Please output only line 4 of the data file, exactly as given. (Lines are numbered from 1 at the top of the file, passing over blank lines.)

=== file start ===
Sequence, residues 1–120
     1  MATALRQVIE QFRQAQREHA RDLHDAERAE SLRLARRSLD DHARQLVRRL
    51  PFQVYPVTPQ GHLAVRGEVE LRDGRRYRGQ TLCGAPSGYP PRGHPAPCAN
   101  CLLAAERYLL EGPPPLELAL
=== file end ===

   101  CLLAAERYLL EGPPPLELAL